the only real defense against an attacker with physical access is not to let him have physical access in the first place, so place the server on a small boat in international waters and flee if the navy arrives to board you once they have the machine there is nothing you can do to stop them, delay them for some time (weeks or even months if you are really good) shure but to stop them completely is not possible period
Title: Re: Tamper Proof Expoxy Tomb - how to secure a board against tampering?
Post by: Someone on January 08, 2017, 08:02:49 AM
the only real defense against an attacker with physical access is not to let him have physical access in the first place, so place the server on a small boat in international waters and flee if the navy arrives to board you once they have the machine there is nothing you can do to stop them, delay them for some time (weeks or even months if you are really good) shure but to stop them completely is not possible period
This has been tried before:
https://en.wikipedia.org/wiki/Principality_of_Sealand#HavenCo
https://en.wikipedia.org/wiki/HavenCo
Title: Re: Tamper Proof Expoxy Tomb - how to secure a board against tampering?
Post by: helius on January 08, 2017, 08:14:19 AM
There are ways of preventing physical access, but you need to be a lot more clever than the ideas in this thread. Knowing your threat model and cost target will point towards the type of solution you must use: there is no such thing as a cost-no-object in the security field.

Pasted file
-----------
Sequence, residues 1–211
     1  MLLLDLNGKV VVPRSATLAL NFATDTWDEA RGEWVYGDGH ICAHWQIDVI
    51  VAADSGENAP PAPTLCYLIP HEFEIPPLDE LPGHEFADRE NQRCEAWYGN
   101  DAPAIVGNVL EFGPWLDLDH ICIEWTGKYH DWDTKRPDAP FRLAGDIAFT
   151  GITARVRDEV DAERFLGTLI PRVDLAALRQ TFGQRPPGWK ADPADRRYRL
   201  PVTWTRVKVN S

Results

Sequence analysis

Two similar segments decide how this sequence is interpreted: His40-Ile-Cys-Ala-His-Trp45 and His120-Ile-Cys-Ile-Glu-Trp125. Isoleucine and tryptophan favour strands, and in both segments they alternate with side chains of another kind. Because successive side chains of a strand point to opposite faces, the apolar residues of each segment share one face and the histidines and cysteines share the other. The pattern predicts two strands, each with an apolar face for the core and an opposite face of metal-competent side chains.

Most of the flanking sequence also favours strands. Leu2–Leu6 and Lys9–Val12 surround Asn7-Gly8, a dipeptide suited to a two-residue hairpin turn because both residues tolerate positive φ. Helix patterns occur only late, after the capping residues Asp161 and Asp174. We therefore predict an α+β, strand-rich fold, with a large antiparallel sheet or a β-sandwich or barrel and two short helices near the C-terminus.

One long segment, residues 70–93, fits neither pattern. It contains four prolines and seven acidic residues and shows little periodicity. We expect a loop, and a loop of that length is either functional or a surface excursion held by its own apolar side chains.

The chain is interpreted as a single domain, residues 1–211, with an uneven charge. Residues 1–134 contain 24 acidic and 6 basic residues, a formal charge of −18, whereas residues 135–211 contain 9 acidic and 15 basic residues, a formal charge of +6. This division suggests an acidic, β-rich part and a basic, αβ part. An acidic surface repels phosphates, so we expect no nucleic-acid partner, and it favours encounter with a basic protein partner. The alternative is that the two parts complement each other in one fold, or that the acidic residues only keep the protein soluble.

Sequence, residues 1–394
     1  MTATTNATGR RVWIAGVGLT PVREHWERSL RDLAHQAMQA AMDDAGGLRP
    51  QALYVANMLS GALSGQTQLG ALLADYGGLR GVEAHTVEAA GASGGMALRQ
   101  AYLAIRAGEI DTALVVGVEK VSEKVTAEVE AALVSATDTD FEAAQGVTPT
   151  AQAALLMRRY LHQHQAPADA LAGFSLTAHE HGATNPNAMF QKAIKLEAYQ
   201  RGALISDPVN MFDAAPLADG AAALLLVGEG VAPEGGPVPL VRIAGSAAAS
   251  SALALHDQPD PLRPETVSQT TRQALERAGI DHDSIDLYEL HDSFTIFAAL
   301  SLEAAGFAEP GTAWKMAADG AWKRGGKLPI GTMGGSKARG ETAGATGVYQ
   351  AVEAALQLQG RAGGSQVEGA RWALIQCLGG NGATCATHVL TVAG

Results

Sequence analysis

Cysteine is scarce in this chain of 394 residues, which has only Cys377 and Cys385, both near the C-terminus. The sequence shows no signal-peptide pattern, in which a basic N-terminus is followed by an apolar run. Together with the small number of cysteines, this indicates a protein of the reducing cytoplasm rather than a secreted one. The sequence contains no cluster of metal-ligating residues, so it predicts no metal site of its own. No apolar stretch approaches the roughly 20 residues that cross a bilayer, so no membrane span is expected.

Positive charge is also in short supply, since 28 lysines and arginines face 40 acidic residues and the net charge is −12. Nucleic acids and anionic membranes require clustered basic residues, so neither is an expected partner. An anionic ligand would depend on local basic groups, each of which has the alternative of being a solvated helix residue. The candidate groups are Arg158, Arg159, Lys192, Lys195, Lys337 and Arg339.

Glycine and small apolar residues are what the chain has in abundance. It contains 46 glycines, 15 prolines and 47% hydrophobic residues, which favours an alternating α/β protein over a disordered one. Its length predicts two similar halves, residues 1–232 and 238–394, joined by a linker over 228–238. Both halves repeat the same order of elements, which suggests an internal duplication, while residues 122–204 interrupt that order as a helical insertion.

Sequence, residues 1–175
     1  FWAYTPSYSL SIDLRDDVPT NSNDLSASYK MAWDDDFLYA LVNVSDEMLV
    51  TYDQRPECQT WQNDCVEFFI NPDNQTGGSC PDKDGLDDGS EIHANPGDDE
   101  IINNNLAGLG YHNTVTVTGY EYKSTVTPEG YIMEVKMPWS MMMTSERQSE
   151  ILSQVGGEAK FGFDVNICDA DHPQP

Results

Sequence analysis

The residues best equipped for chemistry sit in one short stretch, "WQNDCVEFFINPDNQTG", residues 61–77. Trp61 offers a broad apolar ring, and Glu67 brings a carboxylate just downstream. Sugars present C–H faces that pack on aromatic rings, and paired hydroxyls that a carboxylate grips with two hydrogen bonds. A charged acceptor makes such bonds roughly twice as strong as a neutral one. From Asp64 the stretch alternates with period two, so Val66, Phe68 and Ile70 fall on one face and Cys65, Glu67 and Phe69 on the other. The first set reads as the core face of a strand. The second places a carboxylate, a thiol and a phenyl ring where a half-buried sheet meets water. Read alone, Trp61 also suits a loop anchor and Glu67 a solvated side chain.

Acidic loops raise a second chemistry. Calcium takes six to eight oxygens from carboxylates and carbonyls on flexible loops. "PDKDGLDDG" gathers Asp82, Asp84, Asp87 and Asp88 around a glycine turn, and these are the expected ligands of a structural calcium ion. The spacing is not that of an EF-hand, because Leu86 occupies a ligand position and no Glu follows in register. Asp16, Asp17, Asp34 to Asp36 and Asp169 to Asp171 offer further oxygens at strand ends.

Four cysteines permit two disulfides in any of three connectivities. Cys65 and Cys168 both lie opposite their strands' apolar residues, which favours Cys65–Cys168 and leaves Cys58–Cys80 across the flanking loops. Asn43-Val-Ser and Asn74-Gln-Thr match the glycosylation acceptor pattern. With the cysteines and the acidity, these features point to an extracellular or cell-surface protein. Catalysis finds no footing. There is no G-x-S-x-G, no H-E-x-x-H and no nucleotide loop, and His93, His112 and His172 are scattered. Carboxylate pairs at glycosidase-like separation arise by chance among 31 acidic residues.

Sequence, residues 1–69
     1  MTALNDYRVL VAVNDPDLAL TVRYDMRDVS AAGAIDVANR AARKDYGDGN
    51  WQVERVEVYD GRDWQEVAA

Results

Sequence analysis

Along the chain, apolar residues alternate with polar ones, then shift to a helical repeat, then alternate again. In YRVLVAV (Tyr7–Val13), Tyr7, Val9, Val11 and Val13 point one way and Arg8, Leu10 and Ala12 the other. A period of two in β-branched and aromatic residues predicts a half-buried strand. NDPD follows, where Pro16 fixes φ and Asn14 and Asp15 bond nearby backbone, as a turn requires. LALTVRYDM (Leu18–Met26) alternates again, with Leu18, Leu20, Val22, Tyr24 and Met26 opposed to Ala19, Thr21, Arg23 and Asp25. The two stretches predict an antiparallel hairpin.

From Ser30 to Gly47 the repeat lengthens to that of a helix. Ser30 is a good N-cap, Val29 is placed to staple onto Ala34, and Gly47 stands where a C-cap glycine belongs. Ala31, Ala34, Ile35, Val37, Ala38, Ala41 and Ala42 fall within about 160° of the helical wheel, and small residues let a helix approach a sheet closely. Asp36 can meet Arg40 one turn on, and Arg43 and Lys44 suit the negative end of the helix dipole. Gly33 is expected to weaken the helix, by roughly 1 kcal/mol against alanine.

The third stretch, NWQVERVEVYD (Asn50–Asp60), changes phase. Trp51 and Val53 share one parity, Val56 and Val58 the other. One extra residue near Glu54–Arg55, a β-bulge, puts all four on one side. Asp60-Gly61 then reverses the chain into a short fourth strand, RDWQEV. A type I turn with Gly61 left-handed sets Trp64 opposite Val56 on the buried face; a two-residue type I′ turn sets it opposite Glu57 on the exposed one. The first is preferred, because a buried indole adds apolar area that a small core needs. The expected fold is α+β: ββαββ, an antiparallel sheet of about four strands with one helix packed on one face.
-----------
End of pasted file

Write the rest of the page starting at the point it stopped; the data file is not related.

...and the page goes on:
One hint is that potting is too late; by the time your adversary has the circuit board on their bench you have already lost. Surprise is invaluable.
Title: Re: Tamper Proof Expoxy Tomb - how to secure a board against tampering?
Post by: onesixright on January 08, 2017, 08:42:55 AM
Since your not after protecting the h/w itself.

How about a detection system (vibration, movement, light, noise?) that secure erases all data when opening/tampering?

A question to ask is, what are the damages when data gets confiscated vs the investment to protect it? There are not many use-cases to protect a system worth x if the protection costs are 2x.

Title: Re: Tamper Proof Expoxy Tomb - how to secure a board against tampering?
Post by: CM800 on January 08, 2017, 11:06:50 AM
Mr CM300's Pandora's box: